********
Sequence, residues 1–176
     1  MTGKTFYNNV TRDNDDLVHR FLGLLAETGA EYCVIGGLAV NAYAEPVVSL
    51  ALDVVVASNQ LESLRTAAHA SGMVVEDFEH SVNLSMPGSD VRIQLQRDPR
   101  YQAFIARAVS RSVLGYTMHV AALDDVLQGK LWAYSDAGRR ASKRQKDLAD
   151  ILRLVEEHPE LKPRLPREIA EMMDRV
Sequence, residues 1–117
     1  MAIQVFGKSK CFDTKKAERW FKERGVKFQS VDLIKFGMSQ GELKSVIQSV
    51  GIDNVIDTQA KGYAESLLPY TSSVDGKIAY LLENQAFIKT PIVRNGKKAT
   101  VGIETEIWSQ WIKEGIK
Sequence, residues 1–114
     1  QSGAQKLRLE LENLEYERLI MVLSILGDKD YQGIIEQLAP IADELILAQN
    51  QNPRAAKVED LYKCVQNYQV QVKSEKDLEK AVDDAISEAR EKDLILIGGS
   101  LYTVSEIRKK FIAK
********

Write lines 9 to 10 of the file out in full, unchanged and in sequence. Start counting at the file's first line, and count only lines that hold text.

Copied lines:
   101  VGIETEIWSQ WIKEGIK
Sequence, residues 1–114